Ranching Heritage

Those of us that live in the urban areas and bedroom communities of Colorado may be unaware of the ranchers and cowboys who work in rural areas producing meat, milk, fiber, and other animal by-products. While some are aware of mass-producing factory farms, these citizens may lose the opportunity to appreciate the ranching heritage of rural Colorado.

How many Coloradoans know that lambing and calving entail 24-hour watches in sub-zero temperatures in order to ensure the warming and survival of the new offspring? How many of us recognize the losses associated with auctioning off cattle when there is not enough water to grow the hay needed to feed them? The art of ranching and the way of life it entails is not commonly understood in the urbanized world of today. What threads of knowledge, tradition and meaning have kept ranching families rooted to their land and life style for generations despite the hardships? There is joy, harmony, relevance, and authenticity in this way of life and it is communicated in the arts and activities of our Valley residents.

Moffat History

At the turn of the century, between 1800-1900, the San Luis Valley began to grow. Located at its north end in Saguache County, were mining boom towns like Bonanza, Orient, Crestone and Liberty, and the shipping towns which serviced them, Moffat and Villa Grove. Ranching flourished trying to feed a growing young nation. Moffat, at the center of all this commerce, had a train station, huge stock yards, and narrow-gage lines from the mines of the Sangre de Cristos. Once recognized as the "queen city" of the valley, and considered for the site of Colorado's state capital, Moffat was home to 2,500 residents with passenger trains running twice a day. With the advent of the trucking industry, and experiencing a devastating fire, Moffat downsized and became an agricultural town producing cattle, hay and turning out young ranchers who attended the Moffat Consolidated Schools.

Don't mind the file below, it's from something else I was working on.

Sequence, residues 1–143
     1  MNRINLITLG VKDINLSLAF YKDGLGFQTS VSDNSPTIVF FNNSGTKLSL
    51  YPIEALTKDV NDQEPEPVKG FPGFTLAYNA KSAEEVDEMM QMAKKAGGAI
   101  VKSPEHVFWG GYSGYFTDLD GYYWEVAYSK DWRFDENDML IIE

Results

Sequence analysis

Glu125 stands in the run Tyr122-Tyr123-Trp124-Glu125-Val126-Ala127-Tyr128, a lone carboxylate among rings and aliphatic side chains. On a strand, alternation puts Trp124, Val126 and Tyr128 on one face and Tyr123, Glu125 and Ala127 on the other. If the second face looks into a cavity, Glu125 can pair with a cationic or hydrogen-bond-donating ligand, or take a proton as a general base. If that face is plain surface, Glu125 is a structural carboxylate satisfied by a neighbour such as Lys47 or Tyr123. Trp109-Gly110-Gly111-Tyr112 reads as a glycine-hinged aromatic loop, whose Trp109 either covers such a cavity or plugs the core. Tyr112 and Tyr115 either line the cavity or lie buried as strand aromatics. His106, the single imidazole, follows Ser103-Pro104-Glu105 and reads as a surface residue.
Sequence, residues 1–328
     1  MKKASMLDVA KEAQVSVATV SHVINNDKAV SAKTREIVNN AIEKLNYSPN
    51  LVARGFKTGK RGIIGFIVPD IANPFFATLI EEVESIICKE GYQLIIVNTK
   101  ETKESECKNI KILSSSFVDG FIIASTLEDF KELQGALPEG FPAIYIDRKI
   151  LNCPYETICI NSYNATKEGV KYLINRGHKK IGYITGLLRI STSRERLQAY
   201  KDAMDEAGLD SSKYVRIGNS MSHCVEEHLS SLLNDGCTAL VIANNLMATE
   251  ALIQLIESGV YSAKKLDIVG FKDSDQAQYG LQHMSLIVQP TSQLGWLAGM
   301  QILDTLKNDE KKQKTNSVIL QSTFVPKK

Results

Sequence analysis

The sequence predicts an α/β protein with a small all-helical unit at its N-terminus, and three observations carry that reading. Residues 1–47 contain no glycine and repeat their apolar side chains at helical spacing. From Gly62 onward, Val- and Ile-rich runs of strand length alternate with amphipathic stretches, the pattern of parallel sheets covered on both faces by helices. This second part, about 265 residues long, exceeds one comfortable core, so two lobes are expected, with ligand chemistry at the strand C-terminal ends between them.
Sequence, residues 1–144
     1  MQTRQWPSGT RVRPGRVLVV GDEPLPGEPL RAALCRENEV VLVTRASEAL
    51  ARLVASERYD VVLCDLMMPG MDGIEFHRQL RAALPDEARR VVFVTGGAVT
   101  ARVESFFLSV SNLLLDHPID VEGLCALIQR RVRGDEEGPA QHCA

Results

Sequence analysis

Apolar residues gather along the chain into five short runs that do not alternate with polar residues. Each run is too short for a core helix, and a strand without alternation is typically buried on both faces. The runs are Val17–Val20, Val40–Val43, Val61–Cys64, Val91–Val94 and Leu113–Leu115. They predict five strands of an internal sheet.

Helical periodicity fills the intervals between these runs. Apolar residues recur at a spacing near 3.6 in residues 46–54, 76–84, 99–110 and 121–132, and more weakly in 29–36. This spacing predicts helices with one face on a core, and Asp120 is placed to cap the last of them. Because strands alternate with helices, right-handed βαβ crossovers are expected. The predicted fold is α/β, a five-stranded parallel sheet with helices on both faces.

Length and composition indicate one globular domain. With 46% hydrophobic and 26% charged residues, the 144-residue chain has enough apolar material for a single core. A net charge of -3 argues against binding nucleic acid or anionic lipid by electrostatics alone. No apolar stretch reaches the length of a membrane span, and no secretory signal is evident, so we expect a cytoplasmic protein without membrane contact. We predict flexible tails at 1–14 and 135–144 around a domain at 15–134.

Today Moffat continues its agricultural heritage with many of the original families still ranching and farming. Moffat's central location in northern Saguache County houses the Moffat Family Health Clinic, and Moffat Consolidated Schools serving Crestone, the Baca, and northern Saguache County. Many businesses thrive in Moffat's small town atmosphere with a convenience store, coffee shop, an art gallery, trading post, excavation company, bed and breakfast and a self-storage facility.

Orient Land Trust is a nonprofit land trust
dedicated to the preservation of Valley View Hot Springs (VVHS) and its viewshed—
including natural and biologic resources, agricultural lands, wildlife habitat,
open space, and historic and geologic features of the northern San Luis Valley—
for the education and enjoyment of current and future generations.